5 Copper 209

5.1 Background of Copper and Organocopper Chemistry 209

5.2 Development of Rieke Copper 210

5.3 Phosphine -Based Copper 211

5.4 Lithium 2 -Thienylcyanocuprate -Based Copper 220

5.5 Copper Cyanide -Based Active Copper 224

5.6 Formal Copper Anion Preparation and Resulting Chemistry 228

5.7 Typical Experimental Details of Copper Chemistry 232

6 Indium 241

6.1 Background and Synthesis of Rieke Indium 241

6.2 Preparation of Organoindium Compounds 241

6.3 Preparation and Reactions of Indium Reformatsky Reagents 246

6.4 Experimental Details for Preparation and Reactions of Activated Indium 250

7 Nickel 255

7.1 Preparation of Rieke Nickel, Characterization of Active Nickel Powder, and Some Chemistry 255

7.2 Preparation of 3 -Aryl -2 -hydroxy -1 -propane by Nickel -Mediated Addition of Benzylic Halides to 1,2 -Diketones 261

7.3 Preparation of 3 -Arylpropanenitriles by Nickel -Mediated Reaction of Benzylic Halides with Haloacetonitriles 265

7.4 Reformatsky -Type Additions of Haloacetonitriles to Aldehydes Mediated by Metallic Nickel 267

7.5 Preparation of Symmetrical 1,3 -Diarylpropan -2 -ones from Benzylic Halides and Alkyl Oxalyl Chlorides 269

7.6 Nickel -Mediated Coupling of Benzylic Halides and Acyl Halides to Yield Benzyl Ketones 273

7.7 Nickel -Assisted Room Temperature Generation and Diels–Alder Chemistry of o -Xylylene Intermediates 275

8 Manganese 305

8.1 Preparation of Rieke Manganese 305

8.2 Direct Formation of Aryl -, Alkyl -, and Vinylmanganese Halides Oxidative Addition of the Active Metal to the Corresponding Halide 306

8.3 Direct Formation of Organomanganese Tosylates and Mesylates and Some Cross -Coupling Reactions 316

8.4 Benzylic Manganese Halides, Sulfonates, and Phosphates: Preparation, Coupling Reactions, and Applications in New Reactions 320

8.5 Preparation and Coupling Reactions of Thienylmanganese Halides 339

8.6 Synthesis of β -Hydroxy Esters Using Active Manganese 343

8.7 Reductive Coupling of Carbonyl -Containing Compounds and Imines Using Reactive Manganese 347

8.8 Preparation of Heteroarylmanganese Reagents and Their Cross -Coupling Chemistry 355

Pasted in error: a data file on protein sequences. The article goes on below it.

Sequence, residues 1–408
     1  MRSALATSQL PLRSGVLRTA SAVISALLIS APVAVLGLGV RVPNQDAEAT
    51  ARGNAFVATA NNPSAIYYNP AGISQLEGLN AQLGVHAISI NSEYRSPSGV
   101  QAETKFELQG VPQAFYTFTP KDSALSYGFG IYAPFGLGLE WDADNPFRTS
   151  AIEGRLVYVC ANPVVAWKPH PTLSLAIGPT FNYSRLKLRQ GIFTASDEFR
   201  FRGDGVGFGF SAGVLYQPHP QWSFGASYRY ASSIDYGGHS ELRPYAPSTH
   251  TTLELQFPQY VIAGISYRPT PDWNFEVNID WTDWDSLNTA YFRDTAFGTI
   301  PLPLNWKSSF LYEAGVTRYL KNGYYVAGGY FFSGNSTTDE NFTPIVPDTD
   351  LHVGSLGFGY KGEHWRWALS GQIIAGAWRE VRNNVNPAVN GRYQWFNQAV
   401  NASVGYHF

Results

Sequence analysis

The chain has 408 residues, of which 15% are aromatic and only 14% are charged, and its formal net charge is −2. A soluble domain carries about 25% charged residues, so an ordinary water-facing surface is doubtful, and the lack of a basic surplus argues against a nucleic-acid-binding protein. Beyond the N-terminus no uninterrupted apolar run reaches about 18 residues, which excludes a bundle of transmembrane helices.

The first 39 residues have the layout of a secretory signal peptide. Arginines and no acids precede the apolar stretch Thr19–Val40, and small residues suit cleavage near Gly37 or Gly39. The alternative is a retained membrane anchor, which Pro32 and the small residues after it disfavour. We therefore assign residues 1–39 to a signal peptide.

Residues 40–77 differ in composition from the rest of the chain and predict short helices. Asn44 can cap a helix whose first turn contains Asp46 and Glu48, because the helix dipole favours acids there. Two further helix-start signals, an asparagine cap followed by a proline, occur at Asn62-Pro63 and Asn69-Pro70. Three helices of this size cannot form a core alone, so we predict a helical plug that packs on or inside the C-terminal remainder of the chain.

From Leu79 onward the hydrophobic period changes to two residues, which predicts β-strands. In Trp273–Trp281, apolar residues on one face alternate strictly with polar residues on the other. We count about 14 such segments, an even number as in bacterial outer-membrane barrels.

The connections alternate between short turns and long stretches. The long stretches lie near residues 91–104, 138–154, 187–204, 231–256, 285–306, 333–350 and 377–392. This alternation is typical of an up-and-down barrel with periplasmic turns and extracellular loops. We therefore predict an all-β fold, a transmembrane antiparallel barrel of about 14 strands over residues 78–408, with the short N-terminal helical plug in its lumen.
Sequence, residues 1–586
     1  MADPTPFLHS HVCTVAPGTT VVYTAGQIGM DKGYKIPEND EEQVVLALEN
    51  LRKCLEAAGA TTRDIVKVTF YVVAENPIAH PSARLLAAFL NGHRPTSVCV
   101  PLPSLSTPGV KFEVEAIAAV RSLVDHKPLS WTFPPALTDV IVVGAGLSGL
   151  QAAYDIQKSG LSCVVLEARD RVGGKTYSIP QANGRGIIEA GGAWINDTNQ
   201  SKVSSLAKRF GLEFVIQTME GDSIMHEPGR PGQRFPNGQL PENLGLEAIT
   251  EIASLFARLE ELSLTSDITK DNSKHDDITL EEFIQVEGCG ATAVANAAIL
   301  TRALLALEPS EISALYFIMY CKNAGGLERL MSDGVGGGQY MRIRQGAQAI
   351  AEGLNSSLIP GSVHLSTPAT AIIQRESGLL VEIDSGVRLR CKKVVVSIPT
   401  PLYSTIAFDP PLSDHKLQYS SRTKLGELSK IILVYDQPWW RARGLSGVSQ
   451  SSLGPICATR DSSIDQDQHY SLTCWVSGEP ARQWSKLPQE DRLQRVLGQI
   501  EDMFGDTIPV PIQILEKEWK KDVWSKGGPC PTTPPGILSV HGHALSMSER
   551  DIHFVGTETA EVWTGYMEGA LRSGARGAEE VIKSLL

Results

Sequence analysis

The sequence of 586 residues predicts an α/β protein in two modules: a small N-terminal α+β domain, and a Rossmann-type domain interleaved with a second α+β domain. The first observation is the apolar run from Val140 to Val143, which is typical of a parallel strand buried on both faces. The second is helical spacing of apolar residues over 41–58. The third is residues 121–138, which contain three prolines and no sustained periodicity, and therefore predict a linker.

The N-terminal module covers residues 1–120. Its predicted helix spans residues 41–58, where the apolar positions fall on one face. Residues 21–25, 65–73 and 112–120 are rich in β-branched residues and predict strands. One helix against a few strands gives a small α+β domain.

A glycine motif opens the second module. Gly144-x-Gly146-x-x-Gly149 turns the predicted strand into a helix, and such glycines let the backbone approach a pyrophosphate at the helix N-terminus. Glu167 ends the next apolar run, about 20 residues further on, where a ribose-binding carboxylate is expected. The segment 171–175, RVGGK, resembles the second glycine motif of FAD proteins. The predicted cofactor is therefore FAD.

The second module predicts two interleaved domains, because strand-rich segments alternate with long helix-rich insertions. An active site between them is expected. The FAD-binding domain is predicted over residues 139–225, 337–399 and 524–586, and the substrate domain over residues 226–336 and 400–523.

9 Calcium 371

9.1 Preparation of Rieke Calcium 371

9.2 Oxidative Addition Reactions of Rieke Calcium with Organic Halides and Some Subsequent Reactions 372

9.3 Preparation and Reaction of Calcium Cuprate Reagents 373

9.4 Preparation and Reactions of Calcium Metallocycles 377

9.5 Synthesis of Polyphenylcarbynes Using Highly Reactive Calcium, Barium, and Strontium: A Precursor for

9.6 Chemical Modification of Halogenated Polystyrenes Using Rieke Calcium or Rieke Copper 386

10 Barium 391

10.1 Preparation of Rieke Barium 391

10.2 Oxidative Addition of Rieke Barium to Allylic Halides: Preparation of Stereochemically Homogeneous Allylic Barium Reagents 392

11 Iron 395

11.1 Preparation of Highly Reactive Iron and Some Oxidative Addition Chemistry 395

12 Palladium and Platinum 399

12.1 Preparation of Highly Reactive Palladium and Platinum and Some Oxidative Addition Chemistry 399

13 Highly Reactive Uranium and Thorium 407

13.1 Two Methods for Preparation of Highly Reactive Uranium and Thorium: Use of a Novel Reducing Agent Naphthalene Dianion 407

14 Aluminum 425

14.1 Preparation of Highly Reactive Aluminum and Reaction with Aryl Halides 425

15 Cobalt 429

15.1 Two Methods for Preparing Rieke Cobalt: Reaction with CO and Also Fischer–Tropsch Chemistry 429

16 Chromium 443

16.1 Preparation of Highly Reactive Chromium Metal and Its Reaction with CO to Yield Cr(CO)6 443

References 446

Index 447

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Author Information

Reuben D. Rieke, PhD, is internationally recognized for his pioneering work in the development of highly reactive metals, the synthesis of highly regioregular 3-alkylpolythiophenes, and novel organometallic reagents. In 1991, Dr. Rieke founded Rieke Metals, Inc.  He has 38 years of academic experience teaching organic chemistry and has published over 225 papers and been awarded over 25 patents.